After regulator found its subsidiaries did not disclose ‘hidden’ fees
The Securities and Exchange Commission (SEC) has charged three Charles Schwab subsidiaries for not disclosing that they allocated client funds in a way that was less profitable for clients under most market conditions.
The subsidiaries have agreed to pay $187m (£155m, €179m) to the clients involved to settle the charges.
According to the US Regulator, from March 2015 to November 2018, Schwab’s mandated disclosures for its robo-adviser product, Schwab Intelligent Portfolios, stated that the sum of cash in the robo-adviser portfolios was determined through a “disciplined portfolio construction methodology,” and that the robo-adviser would seek “optimal return[s]”.
But the SEC said that “in reality, Schwab’s own data showed that under most market conditions, the cash in the portfolios would cause clients to make less money even while taking on the same amount of risk”.
Schwab advertised the robo-adviser as having neither advisory nor hidden fees “but didn’t tell clients about the cash drag on their investment”, according to the SEC.
The watchdog added: “Schwab made money from the cash allocations in the robo-adviser portfolios by sweeping the cash to its affiliate bank, loaning it out and then keeping the difference between the interest it earned on the loans and what it paid in interest to the robo-adviser clients.”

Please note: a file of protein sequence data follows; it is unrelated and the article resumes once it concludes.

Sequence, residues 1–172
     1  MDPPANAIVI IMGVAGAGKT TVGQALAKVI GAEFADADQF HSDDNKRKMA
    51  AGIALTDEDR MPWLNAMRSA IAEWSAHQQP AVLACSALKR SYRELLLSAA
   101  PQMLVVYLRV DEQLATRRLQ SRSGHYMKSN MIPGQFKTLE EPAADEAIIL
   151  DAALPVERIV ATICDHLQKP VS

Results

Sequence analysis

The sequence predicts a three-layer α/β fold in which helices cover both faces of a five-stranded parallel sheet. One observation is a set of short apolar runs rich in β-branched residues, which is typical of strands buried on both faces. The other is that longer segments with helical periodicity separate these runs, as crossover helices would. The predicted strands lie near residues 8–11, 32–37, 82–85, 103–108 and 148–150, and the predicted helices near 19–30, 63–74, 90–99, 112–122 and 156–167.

Without admitting or denying the SEC’s findings, Schwab’s investment adviser subsidiaries, Charles Schwab & Co, Charles Schwab Investment Advisory and Schwab Wealth Investment Advisory agreed to a cease-and-desist order.
They are required to pay approximately $52m in disgorgement and prejudgment interest and a $135m civil penalty.
The subsidiaries also agreed to retain an independent consultant to review their policies and procedures relating to their robo-adviser’s disclosures, advertising and marketing, and to ensure that they are effectively following those policies and procedures.
Gurbir Grewal, director of the SEC’s division of enforcement, said: “Schwab claimed that the amount of cash in its robo-adviser portfolios was decided by sophisticated economic algorithms meant to optimise its clients’ returns when, in reality, it was decided by how much money the company wanted to make.
“Schwab’s conduct was egregious and today’s action sends a clear message to advisers that they need to be transparent with clients about hidden fees and how such fees affect clients’ returns.”
Charles Schwab said in a statement: “Schwab has resolved a matter with the SEC regarding certain historic disclosures and advertising related to Schwab Intelligent Portfolios between 2015-2018, and we are pleased to put this behind us. The SEC order acknowledges that Schwab addressed these matters years ago.
“In entering the settlement, Schwab neither admits nor denies the allegations in the SEC’s order. We believe resolving the matter in this way is in the best interests of our clients, company, and stockholders as it allows us to remain focused on helping our clients invest for the future.
“As always, we are committed to earning our clients’ trust every day and work diligently to maintain the highest standards for professional conduct throughout our organisation.”